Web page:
Rats of Tobruk: Remembrance Day Service [7 April 1949]

[Editor: An article about the Australian and British defenders of Tobruk (Libya) during the Second World War. Published in The Townsville Daily Bulletin, 7 April 1949.]

Rats of Tobruk

Remembrance Day Service

(Contributed)

A day truly of remembrance is Sunday, April 10, for on this day in the year 1941, the mighty armies of Germany and Italy, under the command of General Von Rommel, made a super effort in orthodox blitzkreig fashion upon the defenders of the Tobruk perimeter, “the thorn in the flesh” which had halted Rommel’s plan for the conquest of Africa.

In this mighty attack everything apparently went according to plan; the artillery incessantly shelled the front line positions held by Australian infantry, dive-bombers blasted repeatedly Tobruk town and the area within the seven-mile deep fortress. In rolled the mighty Panzer tanks, followed by the infantry. These same tactics had never failed. Hitler’s iron-heeled army had marched, unhalted, subjugating and conquering the armies of Europe. All seemed over but the shouting — but the shout this time came from the throats of the wiry Australian defenders, who emerged “rat-like” from their holes in the bare desert ground, over which the tanks had rolled but a few moments before.

Thus these Aussie infanteers met with indomitable courage and fortitude the oncoming enemy infantry, and, in mortal combat, mauled and mutilated these equally courageous assailants, defeating them again and again. What of the tanks. To them just another walk over, but alas, their dream of a captured Tobruk that day began to dim and fade in the realism of the shot and shell of the Australian and British Artillery’s withering fire. They had met their match in the stout hearts, steady hands of stolid British stock of whom Napoleon had said “Curse those British bulldogs. They are made of steel and don’t know when to stop.” There was to be no stopping this day, for now, out of hidden holes, came the remnants of “Monty’s” Desert Tank Corps to join in the chase of the once rather slick but now rather sick Panzers.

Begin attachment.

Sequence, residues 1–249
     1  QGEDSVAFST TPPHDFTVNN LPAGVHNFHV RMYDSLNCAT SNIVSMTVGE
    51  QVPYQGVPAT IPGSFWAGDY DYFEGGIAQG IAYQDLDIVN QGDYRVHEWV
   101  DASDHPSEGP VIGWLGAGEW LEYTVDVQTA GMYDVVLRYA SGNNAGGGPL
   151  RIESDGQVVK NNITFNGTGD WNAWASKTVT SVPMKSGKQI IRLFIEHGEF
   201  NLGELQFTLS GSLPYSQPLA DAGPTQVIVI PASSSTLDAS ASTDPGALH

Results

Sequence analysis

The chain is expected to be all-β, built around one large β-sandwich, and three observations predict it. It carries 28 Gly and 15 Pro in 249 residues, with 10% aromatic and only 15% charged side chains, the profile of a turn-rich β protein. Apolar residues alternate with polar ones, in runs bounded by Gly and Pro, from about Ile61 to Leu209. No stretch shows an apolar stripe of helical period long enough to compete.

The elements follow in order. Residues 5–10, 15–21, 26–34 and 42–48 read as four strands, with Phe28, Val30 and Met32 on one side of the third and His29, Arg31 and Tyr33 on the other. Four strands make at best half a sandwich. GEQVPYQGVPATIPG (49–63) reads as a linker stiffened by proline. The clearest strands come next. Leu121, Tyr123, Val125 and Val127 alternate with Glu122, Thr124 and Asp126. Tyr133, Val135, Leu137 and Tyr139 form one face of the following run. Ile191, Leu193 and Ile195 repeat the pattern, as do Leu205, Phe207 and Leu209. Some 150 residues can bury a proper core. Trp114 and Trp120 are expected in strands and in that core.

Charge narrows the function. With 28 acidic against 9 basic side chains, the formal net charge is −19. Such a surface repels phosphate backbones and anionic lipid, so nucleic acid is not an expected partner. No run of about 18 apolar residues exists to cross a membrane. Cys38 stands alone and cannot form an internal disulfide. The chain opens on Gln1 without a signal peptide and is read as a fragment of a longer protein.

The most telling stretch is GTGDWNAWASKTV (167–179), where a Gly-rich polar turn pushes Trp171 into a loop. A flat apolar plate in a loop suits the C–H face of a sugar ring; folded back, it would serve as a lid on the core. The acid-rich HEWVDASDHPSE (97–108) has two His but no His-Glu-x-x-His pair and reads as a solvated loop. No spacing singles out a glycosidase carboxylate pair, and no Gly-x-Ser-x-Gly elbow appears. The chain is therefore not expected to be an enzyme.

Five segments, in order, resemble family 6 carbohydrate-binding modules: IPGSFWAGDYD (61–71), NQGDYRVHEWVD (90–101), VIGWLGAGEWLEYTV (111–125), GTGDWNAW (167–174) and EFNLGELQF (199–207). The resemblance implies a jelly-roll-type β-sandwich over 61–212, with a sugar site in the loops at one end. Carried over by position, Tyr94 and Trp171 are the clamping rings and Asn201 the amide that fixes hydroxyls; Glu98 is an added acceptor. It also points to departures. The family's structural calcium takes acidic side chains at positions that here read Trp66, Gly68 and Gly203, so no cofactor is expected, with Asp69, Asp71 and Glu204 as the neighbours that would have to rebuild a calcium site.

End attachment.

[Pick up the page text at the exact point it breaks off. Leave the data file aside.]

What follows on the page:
Truly the iron heels had been halted, now the iron wheels of the tanks were spragged, and for the first time in the history of what we now call the 39-45 War, Hitler’s mighty army had suffered defeat, and was now hastily retreating with sand-parched throats, to lick its many and varied shot-scarred sores, inflicted by men who had been disparagingly designated “Rats” by leaders of this once seemingly invincible army, per medium of its champion spokesman, Lord Haw Haw, who from Radio Berlin had Christened these Empire sons within the Tobruk perimeter, “You drunken sons of Inglorious Fathers” and “You Rats of Tobruk.” He had hurled over the air time and time again — surely he had forgotten Anzac, the men of Anzac; these were their sons, and true sons of glorious fathers, and on this day in April they vindicated their birthright and heritage.

The “Rats of Tobruk” failed not, for if it be said that Australia as a nation was born on the battle beaches of Anzac Cove, her sons on the sands of the desert proved that Australia had come through adolescence to virile manhood by the shed sacrificial blood of the “Rats of Tobruk” who held the fortress and kept the faith of their fathers inviolate.

In sacred remembrance of this memorable day the returned Rats of this campaign will hold a service at the War Memorial on the Strand next Sunday. All members of returned services are invited to join with them in this act of remembrance to fallen comrades, honouring their pledge, “We shall remember them.”



Source:
The Townsville Daily Bulletin (Townsville, Qld.), 7 April 1949, p. 2

Editor’s notes:
all over but the shouting = something which is not yet finished, but where the outcome is certain

infanteers = infantry

spragged = to immobilize a vehicle by using a sprag (a pointed bar or pole attached to a vehicle, especially a cart or wagon, which could be lowered and braced upon a road, so as to prevent the vehicle from rolling downhill)

wiery = an archaic form of “wiry” [however, in the context of this article, it is possible that the word was a misspelling of “wiry” or “weary”]

[Editor: Corrected “semed” to “seemed”.]

[Editor: The original text has been separated into paragraphs.]

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